In fact, the first extremist movement in Islam the Khwarij or Karajites were such a group that emerged in the background of political turmoil in the Khilafah. They responded by breaking the consensus of the Prophet Muhammad’s (PBUH) companions and in condemning and attacking all those who opined differently. They were dealt with over a period of time. Now the companions themselves set in motion many of the concepts found in the Qur’an and hadeeth regarding relations with non-Muslims, khilafah, hudood etc…yet they clearly kept these principles whilst still tackling the extremism of the Karajites.

      QF take an overly deterministic view of matters, arguing that if you believe in distinguishing yourself into camps, say Muslim and non-Muslim, this will inevitably lead to hatred. This is not borne by the passage of history, for Muslims have always believed they are part of an ummah. This has not defined Muslim - non-Muslim relations in terms of hatred. If we take the position of the second caliph of Islam, Umar, he was known for being very firm in upholding Islam, and was a great military warrior. Yet, it was he, who famously refused to pray in the courtyard of the holy sepulchre, Jerusalem for fear that later Muslims would misinterpret this to demolish the building.

      QF also try and pass much of these concepts as being either modern or aberrant to the Islamic tradition, when actually they are not. For example even amongst the Sufis their have been many celebrated Mujahadeen, and Jihad is very much considered part of Islam, and they also believe the Khilafah is theologically sanctioned. Where they differ, and here they agree with Salafis, is that change comes through self-purification and reformation.

      Islamism as a term may be new, and in fact invented by orientalists. Much of what Islamists do is criticized within orthodox circles, mainly around the issue of method. However to characterise Islam as not possessing a social and political dimension simply is not borne out from mainstream theology.

      QF sound palatable as their surface arguments seem to make sense, however when you dig deeper they full of holes, inconsistencies and overtly deterministic towards a pre-defined agenda of historical and theological revisionism.

      For all there ‘profound’ insights, they have not touched upon why Islam continues to grow in the West, independent of the current negativity the religion receives in Britain. Perhaps, I would dare say, it is because their conceptual straightjacket cannot move beyond narrow self-perceptions, perceptions which led them to join HT in the first place.

    43. Sid — on 23rd April, 2008 at 5:03 pm  

      There is no need for the Muslim Community to jump on any initiative just because they say a few things people may want to hear.

      Maybe they’re saying things the “Muslim Community” need to hear. Maybe they should be given a chance. But no, you’re probably more interested in their private lives.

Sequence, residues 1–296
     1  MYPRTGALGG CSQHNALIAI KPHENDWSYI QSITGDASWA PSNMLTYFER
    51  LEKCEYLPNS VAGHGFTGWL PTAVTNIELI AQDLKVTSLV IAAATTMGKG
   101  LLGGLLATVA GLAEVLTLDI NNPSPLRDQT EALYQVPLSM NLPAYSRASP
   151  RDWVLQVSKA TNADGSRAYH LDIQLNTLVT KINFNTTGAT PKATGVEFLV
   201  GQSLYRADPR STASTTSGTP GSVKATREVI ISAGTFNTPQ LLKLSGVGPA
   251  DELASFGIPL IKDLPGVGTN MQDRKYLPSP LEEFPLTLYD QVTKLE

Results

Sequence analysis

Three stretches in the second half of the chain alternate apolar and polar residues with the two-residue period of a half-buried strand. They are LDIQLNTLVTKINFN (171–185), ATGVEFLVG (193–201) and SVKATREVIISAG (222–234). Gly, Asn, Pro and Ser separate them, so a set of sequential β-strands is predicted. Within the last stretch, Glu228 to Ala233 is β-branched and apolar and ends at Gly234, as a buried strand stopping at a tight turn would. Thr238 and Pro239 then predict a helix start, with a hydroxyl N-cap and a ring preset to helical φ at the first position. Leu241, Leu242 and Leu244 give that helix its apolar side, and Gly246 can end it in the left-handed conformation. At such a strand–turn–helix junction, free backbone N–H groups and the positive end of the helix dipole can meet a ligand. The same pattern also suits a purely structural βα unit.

As I pointed out there has been good work going on which goes on unrecogniserd away from media publicity which is building excellent grassroots relatkions within the Muslim community and beyond.

      No one is doubting that, and I doubt Quilliam Foundation are here to eclipse the good work done by these initiatives. Why can’t be more good work? Why do Muslims have this “scarcity mentality”? There’s enough to go around, FFS.

      That is what we need to support and not some publicity hungry ex-extremists who have gone from one extreme to another.

      What other extreme have they gone to, please elaborate? And are you suggesting that this new extreme, whatever that may be, is some kind of threat to the “Muslim Community”?

    44. Sid — on 23rd April, 2008 at 5:10 pm  

      Ok Sid, when and where did I exactly accuse you, or anyone else on this thread of being a Quilliam Foundation supporter?

      In your assumption that I disagreed with the point you made about Al-Gomaa.

      So you are a communalist then…shame i’d much rather use my own critical faculties.

      Funny you should call me a communalist, after ignorantly favouring some screed by Seumas Milne.

      btw…it called ‘Muslim Brotherhood’ and not ‘Islamic Brotherhood.’

      Immaterial, because they’re neither. They’re the Ikhwani Muslimeen.

    45. Sid — on 23rd April, 2008 at 5:14 pm  

      QF also try and pass much of these concepts as being either modern or aberrant to the Islamic tradition, when actually they are not. For example even amongst the Sufis their have been many celebrated Mujahadeen, and Jihad is very much considered part of Islam, and they also believe the Khilafah is theologically sanctioned. Where they differ, and here they agree with Salafis, is that change comes through self-purification and reformation.

      I must say Saqib, that is a complete load of absolute, turd-munching bollocks.